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This recipe evolved from several sources and plenty of inspiration. It mixes green and red cabbage, jicama sticks, garbanzo beans, cooked bulgur and chopped almonds, with a few cool cucumber slices on the side for color and crunch and in return, it promises you a plate of superb antioxidant protection, a powerhouse of vitamin C, omega-3 fats, whole grain goodness and loads of crunch. It sticks with you long after the fact too, with an amazing amount of fiber that leaves you feeling satisfied and full without being too overbearing. No one needs food to continually outstay its welcome; these days we want a good meal without wishing for a sofa and pillow afterwards. And it’s so good that it won’t take long for you to turn a lovely pile of vegetable goodness into a near  bare and heavily appreciated empty plate.super-cabbage-salad1-004

This is also a perfect offering for the blogging event happening over at Mele Cotte- Cooking to Combat Cancer. Chris is now in Year Three of being cancer- free and calling all food bloggers to offer up recipes with cancer-fighting appeal.

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There is no shortage of good people around me fighting with everything that they have against the ravages of cancer, and this event can help everyone arm themselves with good tools to put in their pantries and tummies that will offer some support to a body that is constantly exposed to an wide range of harmful properties. I owe an enormous amount of my well-being and overall health to the foods that I eat; whole foods, plenty of vegetables and fruits, lean meats, whole grains, nuts; it’s all there. I stepped up my efforts to make our meals even better over the winter, and we were rewarded with only a smattering of illness that took little time to disperse. While food itself isn’t the only way to stay healthy, it’s one good tool you can use to help your body be at it’s very best.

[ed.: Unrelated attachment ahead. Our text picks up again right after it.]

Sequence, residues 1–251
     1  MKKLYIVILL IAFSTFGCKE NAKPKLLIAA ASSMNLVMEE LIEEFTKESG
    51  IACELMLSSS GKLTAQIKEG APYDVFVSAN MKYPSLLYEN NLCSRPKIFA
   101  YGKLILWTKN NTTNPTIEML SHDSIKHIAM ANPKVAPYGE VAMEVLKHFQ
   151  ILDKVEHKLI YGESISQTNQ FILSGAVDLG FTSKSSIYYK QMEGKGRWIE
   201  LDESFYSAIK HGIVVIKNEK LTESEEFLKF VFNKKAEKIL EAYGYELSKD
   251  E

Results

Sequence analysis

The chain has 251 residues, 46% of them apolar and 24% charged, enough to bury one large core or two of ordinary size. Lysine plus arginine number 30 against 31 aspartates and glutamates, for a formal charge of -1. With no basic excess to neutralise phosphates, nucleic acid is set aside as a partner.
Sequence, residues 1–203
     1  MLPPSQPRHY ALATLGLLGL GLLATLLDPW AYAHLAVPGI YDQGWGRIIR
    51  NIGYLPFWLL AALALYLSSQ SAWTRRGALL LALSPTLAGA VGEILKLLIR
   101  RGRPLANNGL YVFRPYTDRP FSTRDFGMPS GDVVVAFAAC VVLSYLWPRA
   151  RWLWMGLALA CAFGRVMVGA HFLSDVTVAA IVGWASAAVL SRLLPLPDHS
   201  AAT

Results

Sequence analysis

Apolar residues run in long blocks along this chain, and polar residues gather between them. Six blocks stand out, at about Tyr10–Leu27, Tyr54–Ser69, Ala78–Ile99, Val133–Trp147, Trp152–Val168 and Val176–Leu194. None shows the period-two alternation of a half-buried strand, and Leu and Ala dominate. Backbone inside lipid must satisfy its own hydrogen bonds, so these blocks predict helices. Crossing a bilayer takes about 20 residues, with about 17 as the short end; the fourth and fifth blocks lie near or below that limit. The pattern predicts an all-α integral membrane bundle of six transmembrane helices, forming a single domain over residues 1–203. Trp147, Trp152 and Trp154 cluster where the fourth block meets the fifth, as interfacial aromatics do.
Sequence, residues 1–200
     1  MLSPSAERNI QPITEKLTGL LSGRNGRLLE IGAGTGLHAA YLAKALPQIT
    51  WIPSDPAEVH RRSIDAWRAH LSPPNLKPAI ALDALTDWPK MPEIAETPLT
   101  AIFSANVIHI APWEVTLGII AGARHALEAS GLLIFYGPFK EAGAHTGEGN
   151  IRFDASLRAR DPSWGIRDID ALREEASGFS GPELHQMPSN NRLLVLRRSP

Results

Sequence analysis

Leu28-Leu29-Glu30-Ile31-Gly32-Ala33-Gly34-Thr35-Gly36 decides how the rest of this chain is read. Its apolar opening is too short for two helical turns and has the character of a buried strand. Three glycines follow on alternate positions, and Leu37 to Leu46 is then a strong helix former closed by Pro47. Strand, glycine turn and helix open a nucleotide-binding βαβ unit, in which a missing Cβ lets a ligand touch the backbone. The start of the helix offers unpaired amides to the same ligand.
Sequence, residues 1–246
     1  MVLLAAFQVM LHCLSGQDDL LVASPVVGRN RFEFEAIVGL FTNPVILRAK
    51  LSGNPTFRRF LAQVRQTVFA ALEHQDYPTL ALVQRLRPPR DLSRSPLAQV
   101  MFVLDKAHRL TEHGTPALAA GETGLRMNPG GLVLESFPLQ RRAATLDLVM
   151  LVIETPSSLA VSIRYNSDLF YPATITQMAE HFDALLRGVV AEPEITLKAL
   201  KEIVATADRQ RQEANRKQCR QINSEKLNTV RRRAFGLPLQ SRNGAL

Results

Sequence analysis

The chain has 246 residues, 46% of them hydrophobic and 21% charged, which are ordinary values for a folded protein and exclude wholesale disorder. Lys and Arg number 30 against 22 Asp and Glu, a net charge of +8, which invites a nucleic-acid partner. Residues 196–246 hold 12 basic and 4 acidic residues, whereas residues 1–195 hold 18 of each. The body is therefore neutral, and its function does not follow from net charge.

Super Slaw Salad
by Kate

1/4 head of both red and green cabbage, shredded or chopped
1/2 can garbanzo beans, drained and rinsed
1/2 c. cooked bulger
1/2 c. (approx.) of thinly sliced jicama
1/4 c. chopped almonds
Cucumber slices
Dressing of choice

Combine all ingredients in large bowl and toss to mix, adding dressing to taste and seasoning with fresh cracked pepper or a dusting of good sea salt. Allow to sit for 15 minutes to allow flavors to blend.

KATE’S NOTES:
Obviously, endless variations on this abound. It’s almost silly to make a cut and dried recipe out of it. I would have added carrots if I had some. Shredded apple would be delicious. I love the addition of shredded bok choy and napa cabbages to my slaws also. Vary the dressings too for a different flavor profile, like an asian style with sesame seeds. Change up the nuts, the beans or the grain.

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I’ve often been wary of chickpeas.

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The very name sends images into my head of a certain something that I never consider to be a food, and for some reason, I expect a particular texture from them- something certainly un-legume like- and as a result, have been overly cautious about putting them, whole, into my meals.

But I’m more than willing to eat them after they’ve been ground to a pulp. I adore Hummus, and we are pretty regular consumers of the chickpea/tahini spread, usually adorned with kalamata olives and tangy with plenty of lemon juice and good zest.